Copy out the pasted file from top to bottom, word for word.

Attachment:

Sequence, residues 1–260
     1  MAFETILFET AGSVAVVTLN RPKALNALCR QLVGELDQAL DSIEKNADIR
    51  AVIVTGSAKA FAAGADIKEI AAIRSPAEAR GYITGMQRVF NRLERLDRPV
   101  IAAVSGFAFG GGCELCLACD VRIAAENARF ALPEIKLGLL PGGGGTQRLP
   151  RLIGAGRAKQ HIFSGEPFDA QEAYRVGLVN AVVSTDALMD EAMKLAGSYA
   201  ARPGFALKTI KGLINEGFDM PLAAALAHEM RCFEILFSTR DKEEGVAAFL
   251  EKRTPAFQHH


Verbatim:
Sequence, residues 1–260
     1  MAFETILFET AGSVAVVTLN RPKALNALCR QLVGELDQAL DSIEKNADIR
    51  AVIVTGSAKA FAAGADIKEI AAIRSPAEAR GYITGMQRVF NRLERLDRPV
   101  IAAVSGFAFG GGCELCLACD VRIAAENARF ALPEIKLGLL PGGGGTQRLP
   151  RLIGAGRAKQ HIFSGEPFDA QEAYRVGLVN AVVSTDALMD EAMKLAGSYA
   201  ARPGFALKTI KGLINEGFDM PLAAALAHEM RCFEILFSTR DKEEGVAAFL
   251  EKRTPAFQHH